Tuesday, 31 January 2012

Challenging straits prove weatherman's nightmare

I have looked back at the video of the re-start of leg 3 part 2. Six boats eagerly jostled for small gains and psychological advantage. Six skippers interviewed were all optimistic.

PUMA Ocean Racing's Jono Swain looks at the
sails while Ken Read surveys the sea with binoculars
Photo: Amory Ross/PUMA Ocean Racing/Volvo Ocean Race
The last word was left to the skipper of Team Sanya an old hand at this game, Mike Sanderson.

“It’s nice to get away cleanly but the start doesn’t mean much, Sanya here we come” he said, still concentrating on helming. 

Team Sanya
That comment has been true for most of the boats as they have traded places many times and almost re-started again as the conditions forced the fleet to concertina together.

The one boat that it did not apply to was Team Sanya.

They have struggled to stay in touch with fleet and now trail over 170 nm from the leader.

Physical challenge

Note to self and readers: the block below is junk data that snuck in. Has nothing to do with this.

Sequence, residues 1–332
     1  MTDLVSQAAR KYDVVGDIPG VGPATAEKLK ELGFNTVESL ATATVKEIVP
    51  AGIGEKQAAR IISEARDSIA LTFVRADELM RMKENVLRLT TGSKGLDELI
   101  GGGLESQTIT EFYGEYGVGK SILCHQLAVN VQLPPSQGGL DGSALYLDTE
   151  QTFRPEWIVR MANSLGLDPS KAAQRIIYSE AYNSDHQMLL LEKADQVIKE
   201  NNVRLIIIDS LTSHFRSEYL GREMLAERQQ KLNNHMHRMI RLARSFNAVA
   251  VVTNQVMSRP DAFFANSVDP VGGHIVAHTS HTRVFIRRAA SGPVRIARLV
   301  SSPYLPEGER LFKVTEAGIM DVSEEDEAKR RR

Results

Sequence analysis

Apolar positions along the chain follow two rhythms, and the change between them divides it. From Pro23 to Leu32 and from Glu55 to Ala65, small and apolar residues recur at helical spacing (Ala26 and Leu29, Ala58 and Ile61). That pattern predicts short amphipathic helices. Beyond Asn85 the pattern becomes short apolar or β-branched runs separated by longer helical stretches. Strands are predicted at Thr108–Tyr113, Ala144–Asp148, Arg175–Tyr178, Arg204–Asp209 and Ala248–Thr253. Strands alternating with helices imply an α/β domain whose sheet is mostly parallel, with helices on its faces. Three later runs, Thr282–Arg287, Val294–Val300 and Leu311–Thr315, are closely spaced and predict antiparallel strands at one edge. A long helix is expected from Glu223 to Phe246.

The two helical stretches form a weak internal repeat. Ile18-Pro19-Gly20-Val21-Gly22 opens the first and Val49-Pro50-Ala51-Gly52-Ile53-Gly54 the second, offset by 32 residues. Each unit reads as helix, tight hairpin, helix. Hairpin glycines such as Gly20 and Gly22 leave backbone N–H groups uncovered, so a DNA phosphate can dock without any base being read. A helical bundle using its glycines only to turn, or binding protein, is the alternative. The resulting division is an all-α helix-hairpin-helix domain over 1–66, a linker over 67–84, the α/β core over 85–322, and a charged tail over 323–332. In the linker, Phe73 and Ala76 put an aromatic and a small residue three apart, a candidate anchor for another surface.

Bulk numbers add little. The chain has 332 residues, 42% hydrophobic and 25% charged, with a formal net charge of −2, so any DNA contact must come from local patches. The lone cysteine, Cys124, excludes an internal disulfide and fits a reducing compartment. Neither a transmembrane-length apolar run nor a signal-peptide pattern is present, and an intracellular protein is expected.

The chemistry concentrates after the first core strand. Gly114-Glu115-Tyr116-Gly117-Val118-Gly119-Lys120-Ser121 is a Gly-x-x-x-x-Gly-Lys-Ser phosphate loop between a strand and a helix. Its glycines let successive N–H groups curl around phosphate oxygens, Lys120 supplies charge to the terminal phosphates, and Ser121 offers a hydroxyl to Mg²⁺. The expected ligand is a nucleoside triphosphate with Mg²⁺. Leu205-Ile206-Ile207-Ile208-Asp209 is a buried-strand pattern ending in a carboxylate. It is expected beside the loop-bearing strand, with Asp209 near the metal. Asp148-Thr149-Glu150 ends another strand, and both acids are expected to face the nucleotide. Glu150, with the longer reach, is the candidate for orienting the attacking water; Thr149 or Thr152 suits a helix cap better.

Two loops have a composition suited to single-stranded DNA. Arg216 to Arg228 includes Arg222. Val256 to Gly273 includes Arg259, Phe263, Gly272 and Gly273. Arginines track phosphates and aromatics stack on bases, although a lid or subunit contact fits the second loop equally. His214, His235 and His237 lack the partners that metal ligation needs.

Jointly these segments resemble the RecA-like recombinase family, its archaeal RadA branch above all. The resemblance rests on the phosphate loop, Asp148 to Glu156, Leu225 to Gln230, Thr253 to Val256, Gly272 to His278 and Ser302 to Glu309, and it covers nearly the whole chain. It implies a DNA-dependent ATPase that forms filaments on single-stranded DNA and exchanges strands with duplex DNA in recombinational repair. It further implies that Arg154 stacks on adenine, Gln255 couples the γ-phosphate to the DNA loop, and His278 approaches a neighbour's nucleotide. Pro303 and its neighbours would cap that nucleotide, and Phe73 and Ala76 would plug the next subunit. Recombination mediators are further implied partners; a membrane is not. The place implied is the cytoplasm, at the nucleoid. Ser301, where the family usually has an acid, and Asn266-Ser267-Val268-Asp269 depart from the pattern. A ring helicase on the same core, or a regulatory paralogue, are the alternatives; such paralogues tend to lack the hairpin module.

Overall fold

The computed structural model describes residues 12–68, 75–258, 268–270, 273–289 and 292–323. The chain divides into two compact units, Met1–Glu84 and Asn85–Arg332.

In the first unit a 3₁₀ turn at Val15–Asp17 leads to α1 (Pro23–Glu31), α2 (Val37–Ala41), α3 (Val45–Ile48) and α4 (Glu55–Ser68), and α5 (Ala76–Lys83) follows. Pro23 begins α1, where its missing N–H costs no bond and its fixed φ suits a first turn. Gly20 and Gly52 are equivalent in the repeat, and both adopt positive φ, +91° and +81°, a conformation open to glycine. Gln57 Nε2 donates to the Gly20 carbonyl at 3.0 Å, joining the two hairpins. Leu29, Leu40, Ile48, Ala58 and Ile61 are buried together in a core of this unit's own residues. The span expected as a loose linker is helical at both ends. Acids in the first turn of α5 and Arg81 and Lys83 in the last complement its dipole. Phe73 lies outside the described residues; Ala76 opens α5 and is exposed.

The light winds and current against the fleet in the Strait of Malacca have been incredibly demanding for all the fleet.

Abu Dhabi Ocean Racing skipper, Ian Walker said that while the straits had been mentally taxing, he believed the South China Sea would be physically challenging.

Team Telefónica watch captain Neal McDonald said the crew had been awake for 20 hours in the past 24 and completed as many as 12 gybe manoeuvres in one hour as they negotiated the exit from the strait and defended attacks from other competitors.

Pushing hard
The promise of open water and upwind conditions was proving motivating for the team, McDonald explained.

“It’s quite intense. You can make a mistake so easily and it could cost miles,’’ he said of the Malacca and Singapore straits.

“There is a lot of pressure to keep pushing the boat hard and make sure you do the right thing all the time."

Shipping congestion
The right thing all the time! That's easier said than done when so much is out side your control.

At least the fleet can now leave the taxing light airs and shipping congestion of the Malacca Straits behind them.

They still have unlit fishing nets, flotsam and jetsam and short sharp seas whipped up by strong winds to go.

GRIB file
This leg has been a weatherman’s nightmare. Every three hours they will be eagerly waiting for the GRIB file. The GRIdded Binary is a mathematically-concise data format file sent to each boat every three hours.

This last 900 nm will sort the weathermen from the weatherboys.  Sanya here we come!

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